ornithologist retrieving osprey from trap

How can we protect our shorelines from erosion and rising seas while preserving the ecological benefits of a natural shoreline? That’s the question the Great Bay Living Shoreline project has been tackling over the past year, and now we can see the newly generated designs and ideas for four diverse Great Bay sites.

Beginning in the fall of 2021, 24 professional engineers, wetland scientists, and landscape architects joined an eight-month design and training program organized by a team of agency and university partners. Participants were organized into four Design Teams and each team was asked to develop a suggested living shoreline design for a specific site around Great Bay. (Read more about how the four sites were chosen here). UNH scientists, GBNERR staff, and project partners supported the Design Teams through several workshops, field assessments, and a facilitated design process. 

After several rounds of review and modifications, the designs were presented in a final workshop attended by more than 140 people (See: video recordings of the final workshop). The Design Teams’ presentations, reports and design drawings are now available on the project webpage.

Shoreline solutions for four sites

Many factors contribute to shoreline erosion – including runoff from homes and parking lots, foot traffic and mowing which damage natural vegetation, rising seas and strong waves – and these factors need to be considered when assessing a site. Each Design Team worked to design a living shoreline that addressed the unique needs of their landowner and the ecological and social context of the site. The suggested designs for four project sites illustrate how living shoreline concepts can be applied to address different issues and needs in distinct settings. 

The suggested design for Schanda Park in Newmarket recommends creating rain gardens around a parking lot and replacing a failing rock wall with a narrow constructed marsh as a greener way to stabilize the shoreline of a popular downtown park (learn more).

The design for a home on Spur Road in Dover illustrates how the techniques used at Wagon Hill Farm could be used for a small property. Recommendations include adding rock to stabilize the eroding shoreline edge, planting marsh grasses and limiting mowing along the shoreline (learn more).

The Design Team discovered that erosion rates were relatively low at Chapman’s Landing in Stratham, so they recommended that the landower, monitor and intervene if conditions change. In addition, a boardwalk was proposed to reduce the impact of foot traffic on the saltmarsh (learn more).


To address shoreline erosion concerns at Moody Point Community in Newmarket, the Design Team proposed strategies for reducing stormwater runoff, managing foot traffic and improving a kayak launch, as well as using fabric encapsulated soil lifts to stabilize the steep shoreline (learn more)

Each of these suggested designs are available on the project webpage, but they are not final, have not been granted regulatory approval, and are insufficient for construction. Advancing the design concepts will likely require assistance from an environmental consulting firm to finalize site assessment, engineering designs, permit applications, and construction specifications.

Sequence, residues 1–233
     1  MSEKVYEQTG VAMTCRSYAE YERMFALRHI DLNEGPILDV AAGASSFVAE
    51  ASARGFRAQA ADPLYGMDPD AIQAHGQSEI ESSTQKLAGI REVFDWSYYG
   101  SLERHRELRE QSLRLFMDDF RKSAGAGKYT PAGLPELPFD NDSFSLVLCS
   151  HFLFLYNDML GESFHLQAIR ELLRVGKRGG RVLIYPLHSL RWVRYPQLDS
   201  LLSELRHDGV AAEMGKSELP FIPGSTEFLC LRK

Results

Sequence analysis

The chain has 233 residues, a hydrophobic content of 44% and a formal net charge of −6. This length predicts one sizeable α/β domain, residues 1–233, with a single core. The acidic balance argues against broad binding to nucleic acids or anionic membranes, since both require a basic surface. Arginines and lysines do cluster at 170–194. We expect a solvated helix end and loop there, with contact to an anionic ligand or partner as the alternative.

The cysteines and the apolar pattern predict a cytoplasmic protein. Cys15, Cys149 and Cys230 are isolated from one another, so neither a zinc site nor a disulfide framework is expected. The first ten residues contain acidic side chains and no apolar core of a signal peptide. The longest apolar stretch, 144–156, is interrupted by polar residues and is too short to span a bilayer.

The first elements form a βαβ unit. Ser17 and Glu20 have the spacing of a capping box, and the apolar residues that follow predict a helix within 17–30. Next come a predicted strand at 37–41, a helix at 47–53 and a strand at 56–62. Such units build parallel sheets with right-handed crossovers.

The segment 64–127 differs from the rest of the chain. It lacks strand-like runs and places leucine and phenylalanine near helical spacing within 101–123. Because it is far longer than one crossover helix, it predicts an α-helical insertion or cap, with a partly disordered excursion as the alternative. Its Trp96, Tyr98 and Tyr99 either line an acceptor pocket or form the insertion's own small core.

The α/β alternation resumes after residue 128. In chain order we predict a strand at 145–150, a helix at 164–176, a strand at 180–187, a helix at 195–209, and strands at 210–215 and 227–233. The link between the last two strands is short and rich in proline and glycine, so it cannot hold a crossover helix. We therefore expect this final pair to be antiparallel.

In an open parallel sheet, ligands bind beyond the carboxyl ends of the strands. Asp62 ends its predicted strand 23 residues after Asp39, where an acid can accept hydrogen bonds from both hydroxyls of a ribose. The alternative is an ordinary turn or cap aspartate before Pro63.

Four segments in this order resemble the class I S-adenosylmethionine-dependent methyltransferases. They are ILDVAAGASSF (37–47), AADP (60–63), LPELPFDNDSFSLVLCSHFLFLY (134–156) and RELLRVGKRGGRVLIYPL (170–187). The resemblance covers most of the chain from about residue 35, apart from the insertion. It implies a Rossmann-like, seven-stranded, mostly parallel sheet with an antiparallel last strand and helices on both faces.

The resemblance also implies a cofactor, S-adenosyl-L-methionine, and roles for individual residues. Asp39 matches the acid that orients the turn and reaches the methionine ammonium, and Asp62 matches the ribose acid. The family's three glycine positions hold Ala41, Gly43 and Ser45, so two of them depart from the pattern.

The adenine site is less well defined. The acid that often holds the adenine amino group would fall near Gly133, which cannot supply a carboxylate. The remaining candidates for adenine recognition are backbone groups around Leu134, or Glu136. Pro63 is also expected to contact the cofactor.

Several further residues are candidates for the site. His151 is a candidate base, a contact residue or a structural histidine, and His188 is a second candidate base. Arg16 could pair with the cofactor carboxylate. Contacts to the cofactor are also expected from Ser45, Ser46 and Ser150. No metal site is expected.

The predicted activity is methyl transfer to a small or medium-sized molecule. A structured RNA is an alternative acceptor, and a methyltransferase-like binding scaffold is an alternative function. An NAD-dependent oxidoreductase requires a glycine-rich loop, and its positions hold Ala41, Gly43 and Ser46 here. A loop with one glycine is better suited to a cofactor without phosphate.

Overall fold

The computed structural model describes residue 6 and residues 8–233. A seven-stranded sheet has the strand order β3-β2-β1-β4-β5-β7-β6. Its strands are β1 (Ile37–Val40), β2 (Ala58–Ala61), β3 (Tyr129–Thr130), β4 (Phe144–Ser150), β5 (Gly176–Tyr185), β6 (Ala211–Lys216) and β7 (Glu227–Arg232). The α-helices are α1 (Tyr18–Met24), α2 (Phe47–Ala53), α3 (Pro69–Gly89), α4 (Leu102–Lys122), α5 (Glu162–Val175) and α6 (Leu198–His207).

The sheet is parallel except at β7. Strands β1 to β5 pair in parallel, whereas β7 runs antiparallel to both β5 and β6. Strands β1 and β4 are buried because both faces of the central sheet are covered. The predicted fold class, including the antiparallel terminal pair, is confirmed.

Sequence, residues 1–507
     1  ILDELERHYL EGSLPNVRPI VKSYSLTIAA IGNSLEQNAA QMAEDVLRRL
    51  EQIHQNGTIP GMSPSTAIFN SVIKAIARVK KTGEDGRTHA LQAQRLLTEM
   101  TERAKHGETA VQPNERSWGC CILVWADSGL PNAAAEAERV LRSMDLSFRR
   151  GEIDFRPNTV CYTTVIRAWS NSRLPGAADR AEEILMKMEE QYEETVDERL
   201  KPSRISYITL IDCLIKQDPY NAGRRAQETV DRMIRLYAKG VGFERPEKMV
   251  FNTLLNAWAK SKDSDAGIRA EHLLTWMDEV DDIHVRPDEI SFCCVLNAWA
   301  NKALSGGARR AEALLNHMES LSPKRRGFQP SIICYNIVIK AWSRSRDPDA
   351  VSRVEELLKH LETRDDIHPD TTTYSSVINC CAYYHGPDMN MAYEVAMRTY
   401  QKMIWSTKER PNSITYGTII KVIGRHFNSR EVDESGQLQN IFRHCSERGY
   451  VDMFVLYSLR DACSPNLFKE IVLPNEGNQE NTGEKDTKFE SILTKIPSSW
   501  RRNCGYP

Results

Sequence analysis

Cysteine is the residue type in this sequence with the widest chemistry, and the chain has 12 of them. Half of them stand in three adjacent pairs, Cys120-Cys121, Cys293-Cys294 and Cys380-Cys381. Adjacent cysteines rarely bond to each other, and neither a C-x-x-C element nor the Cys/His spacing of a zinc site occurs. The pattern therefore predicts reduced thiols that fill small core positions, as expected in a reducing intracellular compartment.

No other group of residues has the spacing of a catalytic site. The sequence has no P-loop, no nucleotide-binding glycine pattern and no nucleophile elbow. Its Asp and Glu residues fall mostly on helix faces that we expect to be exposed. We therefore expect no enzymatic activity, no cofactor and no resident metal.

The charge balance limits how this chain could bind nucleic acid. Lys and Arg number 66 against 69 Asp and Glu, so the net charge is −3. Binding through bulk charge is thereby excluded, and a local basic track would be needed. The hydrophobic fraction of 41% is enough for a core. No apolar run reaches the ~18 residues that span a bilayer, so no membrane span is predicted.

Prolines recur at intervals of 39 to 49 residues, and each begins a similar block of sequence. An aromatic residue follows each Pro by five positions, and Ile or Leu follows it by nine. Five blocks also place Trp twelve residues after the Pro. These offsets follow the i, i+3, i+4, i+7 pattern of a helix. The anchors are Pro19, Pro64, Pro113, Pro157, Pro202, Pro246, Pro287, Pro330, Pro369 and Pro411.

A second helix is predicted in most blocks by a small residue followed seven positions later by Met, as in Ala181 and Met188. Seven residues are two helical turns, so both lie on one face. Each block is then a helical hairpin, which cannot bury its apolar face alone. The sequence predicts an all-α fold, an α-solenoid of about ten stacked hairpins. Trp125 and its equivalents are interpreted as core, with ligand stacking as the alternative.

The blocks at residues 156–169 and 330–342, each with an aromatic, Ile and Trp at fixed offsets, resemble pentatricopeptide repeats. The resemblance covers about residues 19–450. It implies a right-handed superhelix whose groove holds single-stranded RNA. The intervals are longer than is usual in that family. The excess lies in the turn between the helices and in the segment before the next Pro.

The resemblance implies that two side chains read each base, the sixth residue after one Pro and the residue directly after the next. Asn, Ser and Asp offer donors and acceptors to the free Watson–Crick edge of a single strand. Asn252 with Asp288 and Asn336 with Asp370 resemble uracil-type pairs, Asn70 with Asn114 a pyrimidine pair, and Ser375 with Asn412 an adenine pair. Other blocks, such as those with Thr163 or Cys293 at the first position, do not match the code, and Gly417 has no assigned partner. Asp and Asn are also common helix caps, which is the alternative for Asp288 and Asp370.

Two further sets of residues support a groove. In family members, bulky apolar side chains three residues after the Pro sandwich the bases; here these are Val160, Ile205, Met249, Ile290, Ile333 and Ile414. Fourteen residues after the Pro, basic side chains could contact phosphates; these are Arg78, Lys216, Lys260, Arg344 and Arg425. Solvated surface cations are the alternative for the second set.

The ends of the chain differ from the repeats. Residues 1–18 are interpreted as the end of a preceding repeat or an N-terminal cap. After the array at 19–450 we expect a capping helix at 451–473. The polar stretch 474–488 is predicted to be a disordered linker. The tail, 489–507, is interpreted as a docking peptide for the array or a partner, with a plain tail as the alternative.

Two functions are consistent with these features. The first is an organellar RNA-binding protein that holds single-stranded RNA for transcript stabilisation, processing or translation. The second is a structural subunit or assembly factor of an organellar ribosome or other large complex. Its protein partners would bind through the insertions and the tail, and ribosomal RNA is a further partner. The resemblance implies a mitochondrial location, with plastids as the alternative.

Identifying barriers

Although living shoreline approaches are broadly supported by regulators and natural resource professionals, there are relatively few examples of these techniques being used in New Hampshire. The Great Bay Living Shoreline Project was an important opportunity to identify some of the barriers to broader adoption. By talking with the consultants, landowners and regulators participating in the project, the project team identified the following next steps to address challenges and further promote living shoreline approaches:

Improve Policy:

  • Bring together agencies to better align regulations and funding
  • Create opportunities for more collaboration among consultants, landowners, regulators and researchers

Improve Project Planning and Design Capacity:

  • Develop locally relevant technical design resources including best practices, case studies, and cost/ benefit analyses for living shorelines
  • Offer training that further explores ecological design engineering concepts

Increase Landowner Interest: 

  • Identify ways to make design, engineering, construction and plant purchasing cost effective for residential properties. 
  • Generate more landowner interest in living shorelines through incentives, outreach, demonstration sites, and other funding sources.

In addition to promoting the individual site designs, the project team developed a comprehensive summary of the project approach and broader lessons learned to enable others to expand on this project, See: Road Map Report. GBNERR hopes to continue working with natural resource professionals and landowners to promote resilient shoreline strategies.

The Great Bay Living Shorelines Project is supported by a grant from the National Fish and Wildlife Foundation with matching support from the Town of Durham. The project is led by the New Hampshire Department of Environmental Services Coastal Program, the University of New Hampshire, the Great Bay National Estuarine Research Reserve, the Piscataqua Region Estuaries Partnership, the Great Bay Stewards, and the Strafford Regional Planning Commission.

Lynn Vaccaro, Coastal Training Program Coordinator, Lynn.E.Vaccaro@wildlife.nh.gov